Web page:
· We’re seeing more and more data showing that 40% of all borrowers on some sort of repayment plan still end up being foreclosed on.  We’re not all that surprised, and frankly, we’re surprised, pleasantly so, that for 60% of them, the repayment plan actually accomplishes something.


  • It’s absurd to think that FNMA could go bust, but here’s the deal.  FNMA owns and/or guarantees something like $2.6 trillion in loans, and they have about $42 billion in capital.  Let’s forget about everything they have other than their $300 billion in sub-prime loans.  We’ll ignore their Alt-A, their high LTV’s, and any other higher-risk mortgages.  Now let’s just pick a number and say that ultimately 25% of their sub-prime loans go into default and that they lose, oh, maybe 30% on these. That would be a loss of $22.5 billion in losses, wiping out half of their net worth. 
  • The American Dialect Society is an organization founded in 1820 that’s made up of linguists, lexicographers, etymologists, and related academicians. Every year they vote for the Word of the Year, kind of like Time Magazine’s Person of the Year. This year’s winner was the word Subprime.  Runners up included words such as waterboarding, Facebook, tapaficiation (the tendence of restaurants to serve small portions, as in tapas) and wrap rage (anger brought on by the frustration of trying to open a factory sealed package).  Funny.
  • We still own a bunch of Indy Mac 8.5% preferreds (trading at a deep discount to yield over 20%). But awhile ago we bought puts on Indy Mac’s common, going out till next January.  Our thinking was that (a) Indy Mac is going to be a survivor, (b) it will take till most of 2008 for the current mortgage difficulties to resolve themselves, and (c) the puts are simply a good insurance policy.  Nobody expects their house to burn down, but people still get fire insurance.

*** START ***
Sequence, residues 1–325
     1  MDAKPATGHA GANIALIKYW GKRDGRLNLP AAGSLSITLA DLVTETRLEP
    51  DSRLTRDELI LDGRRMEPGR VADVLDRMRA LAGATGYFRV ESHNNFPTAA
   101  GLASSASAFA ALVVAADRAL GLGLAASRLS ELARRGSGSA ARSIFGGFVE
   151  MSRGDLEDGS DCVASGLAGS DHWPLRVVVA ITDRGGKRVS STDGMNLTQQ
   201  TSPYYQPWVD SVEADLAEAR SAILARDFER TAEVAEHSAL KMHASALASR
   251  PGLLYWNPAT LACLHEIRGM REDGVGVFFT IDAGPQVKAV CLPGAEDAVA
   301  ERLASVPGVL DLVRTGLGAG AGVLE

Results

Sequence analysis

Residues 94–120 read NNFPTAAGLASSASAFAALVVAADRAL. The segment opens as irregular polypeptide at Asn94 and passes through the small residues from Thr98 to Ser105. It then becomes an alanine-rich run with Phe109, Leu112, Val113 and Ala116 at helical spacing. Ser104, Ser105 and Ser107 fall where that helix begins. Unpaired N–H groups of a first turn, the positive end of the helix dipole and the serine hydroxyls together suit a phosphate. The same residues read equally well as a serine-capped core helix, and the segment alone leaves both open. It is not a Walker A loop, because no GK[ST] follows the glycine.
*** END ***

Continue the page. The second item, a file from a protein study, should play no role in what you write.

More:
• The paragraph directly above on Indy Mac has an egregious grammatical mistake.  We will give a free two-year subscription to the Garrett, Watts Report to the first 10 readers who correctly find it and point it out to us.
  • Have you ever heard of wrong-site surgeries? This tern applies to having (a) the wrong procedure (oops, we amputated your leg when you were actually here for prostate surgery), (b) wrong site (oops, we were supposed to amputate your left leg – but accidentally amputated your right one) or (c) wrong person (oops, are you sure you aren’t Mr. Smith who came for the sex change operation?). The number of reported cases of wrong-site surgery has actually been increasing — for a total of nearly 550 since 1996.  The American College of Surgeons recommends that patients take a felt marker and actually mark the body part meant to be operated on.  How weird is that?
  • On a recent conference call about the Countrywide acquisition, Bank of American Chairman Ken Lewis was asked about his plans for Angelo Mozilo: “I would want him to stay until the deal gets done and then probably I would guess that he would want to go have some fun…..”…”  So next time you’re at the beach or elsewhere having fun, look around.  You just might see Angelo nearby, also having some fun.

Joe Garrett and Corky Watts   - Garrett, Watts & Co.  -  

Tags: Commentary · Mortgage Market